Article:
Shannon's master's thesis (MIT, 1937) investigated the use of electrical circuits to model logical statements. Shannon was one of the few people of his day familiar with both electrical engineering and the mathematical logic of Boolean algebra. He showed how electrical switches could be used to carry out calculations and detailed instructional procedures, thus foreshadowing the electronic computer.
After MIT, Shannon joined Bell Telephones in 1941 as a research mathematician. In 1949, with the strong urging of his colleagues, he published A Mathematical Theory of Communication with Warren Weaver. This book (probably inspired by his wartime work in cryptography) gave the first mathematical underpinning to the study of communications.
One of Shannon's major discoveries is that information has a very precise relationship to entropy. Entropy - a measure of the disorder of a system, and before Shannon used only in classical thermodynamics - can be seen as a lack of information about a system. This relationship implies that disordered systems can be "cleaned up" by using information about the system. It also shows that information about the world is never "free"; every bit of information gathered causes a tiny but definite disordering of the system under investigation.
Shannon also showed that much of any "real world" communication is taken up with redundancy. (Shall I repeat that in different words?) He analyzed a huge number of communications, from code transmissions to telephone conversations to James Joyce novels, in order to understand the relationship between a) the message intended for transmission and b) the redundant information tacked on to ensure that the message is understood correctly. Redundancy is crucial for clear communication in a "noisy" environment, but when noise is low the redundancy can be stripped out and the message highly compressed (as PKZIP users can attest).
In this connection, Shannon examined the frequency of word correlations in the English language. Pairs of words which often appear together (for instance, "gutless" and "wonder") show a higher degree of redundancy than less common pairs (perhaps "elegant" and "quicksand"). Shannon showed that a randomly generated string of words could sound remarkably like meaningful English, so long as each word had a high correlation with the word before it. The resemblance to English is even greater if the nonsense string is generated using word triplets, rather than word pairs. The Shannonizer uses this effect to analyze texts and mimic their style using word pairs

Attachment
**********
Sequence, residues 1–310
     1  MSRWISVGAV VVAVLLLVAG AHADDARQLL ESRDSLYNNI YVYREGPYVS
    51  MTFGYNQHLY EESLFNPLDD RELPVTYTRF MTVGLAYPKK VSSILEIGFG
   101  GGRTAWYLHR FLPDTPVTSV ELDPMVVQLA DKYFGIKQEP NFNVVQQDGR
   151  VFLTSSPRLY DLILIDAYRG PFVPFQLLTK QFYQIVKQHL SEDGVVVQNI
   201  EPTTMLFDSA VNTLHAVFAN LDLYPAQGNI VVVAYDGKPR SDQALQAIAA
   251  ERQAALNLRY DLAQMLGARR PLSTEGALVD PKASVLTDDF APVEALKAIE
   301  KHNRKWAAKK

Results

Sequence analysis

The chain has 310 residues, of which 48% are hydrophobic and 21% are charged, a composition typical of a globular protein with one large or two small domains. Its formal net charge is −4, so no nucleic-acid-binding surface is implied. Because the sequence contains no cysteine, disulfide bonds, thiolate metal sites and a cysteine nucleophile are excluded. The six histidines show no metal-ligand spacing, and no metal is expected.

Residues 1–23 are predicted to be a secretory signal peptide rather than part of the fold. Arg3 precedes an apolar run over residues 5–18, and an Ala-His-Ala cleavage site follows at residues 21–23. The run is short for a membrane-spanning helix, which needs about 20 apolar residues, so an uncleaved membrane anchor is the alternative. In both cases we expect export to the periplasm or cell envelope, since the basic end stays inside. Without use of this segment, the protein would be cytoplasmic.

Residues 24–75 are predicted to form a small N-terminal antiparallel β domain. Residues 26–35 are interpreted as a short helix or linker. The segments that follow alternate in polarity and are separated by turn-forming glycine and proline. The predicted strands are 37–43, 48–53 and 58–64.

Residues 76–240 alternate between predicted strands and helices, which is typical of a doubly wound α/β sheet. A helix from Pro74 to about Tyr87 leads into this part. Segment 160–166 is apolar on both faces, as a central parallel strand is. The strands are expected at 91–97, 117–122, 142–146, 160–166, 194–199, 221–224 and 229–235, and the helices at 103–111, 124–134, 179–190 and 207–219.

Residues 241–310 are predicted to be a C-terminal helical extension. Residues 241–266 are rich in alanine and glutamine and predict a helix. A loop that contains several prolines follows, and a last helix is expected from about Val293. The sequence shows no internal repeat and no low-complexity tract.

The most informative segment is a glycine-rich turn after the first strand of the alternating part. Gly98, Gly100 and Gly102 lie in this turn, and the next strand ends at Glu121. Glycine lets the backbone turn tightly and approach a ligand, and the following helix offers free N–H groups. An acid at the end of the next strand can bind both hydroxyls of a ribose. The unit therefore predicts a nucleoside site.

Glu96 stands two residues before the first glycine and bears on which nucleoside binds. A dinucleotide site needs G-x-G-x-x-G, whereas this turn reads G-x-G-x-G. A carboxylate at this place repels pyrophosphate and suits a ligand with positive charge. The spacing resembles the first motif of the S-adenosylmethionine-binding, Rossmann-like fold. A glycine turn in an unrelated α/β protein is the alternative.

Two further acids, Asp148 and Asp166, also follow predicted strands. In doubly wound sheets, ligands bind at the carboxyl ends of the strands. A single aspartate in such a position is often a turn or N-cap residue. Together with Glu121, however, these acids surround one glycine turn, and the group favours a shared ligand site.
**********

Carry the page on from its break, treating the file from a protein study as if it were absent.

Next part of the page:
Not surprisingly, perhaps, there's a fair amount of material about Claude Shannon in the Web. The Shannon links cover the gamut from the serious to the seriously silly. You'll learn that Shannon's grandfather was reputed to have invented the washing machine, and that Shannon himself invented motorized pogo sticks and chess-playing robots. A lifetime juggler, Shannon even devised a unicycle designed for riding while juggling, not to mention a tiny clockwork circus where three clowns juggle tiny clubs, balls and rings simultaneously... more grist for the Shannon legend in the 22nd century, no doubt.
The Shannonizer uses a very simple trick to mimic different styles of English: it simply analyzes the frequency with which words follow each other in pairs. Take any word -- let's say the word "no." When Raymond Chandler is writing, the following word is more likely to be "sleep" or "fear"; when Miss Manners is writing, it's more likely to be something like"doubt" or "regard." The Shannonizer builds up a table of probabilities for all the word-pairs in a text to be mimicked. It can then generate text which is random and nonsensical, but maintains the same probability between subsequent pairs of words. (Actually, the Shannonizer combines two different styles; the style of the "editor," and the style of the document that you've chosen to Shannonize.) The result can sometimes be very striking, even if silly.
Claude Shannon actually achieved an effect like this without a computer. Taking a novel, he picked a first word at random, then found the next place in the novel where this word appeared. He added the following word to the generated text, then repeated the process until he had a fair-sized sentence such as:
The head and in frontal attack on an English writer that the character of this point is therefore another method for the letters that the time of who ever told the problem for an unexpected.
(This is the kind of geeky fun that Shannon seemed to have all the time. He got his friends to join in to all sorts of odd, semi-surreal word games like this and somehow turned the results into ground-breaking research. He also managed to retire at the age of fifty. It's enough to make you want to take up juggling.)
Presumably, the mimicry would be even more accurate if we analyzed word triplets instead of just word pairs. This would take up a good deal more computing time. I also suspect that such a "third-order" approximation might make the Shannonizer a little too accurate to be amusing!
But is that computer actually saying anything?
This topic to be developed in the very near future....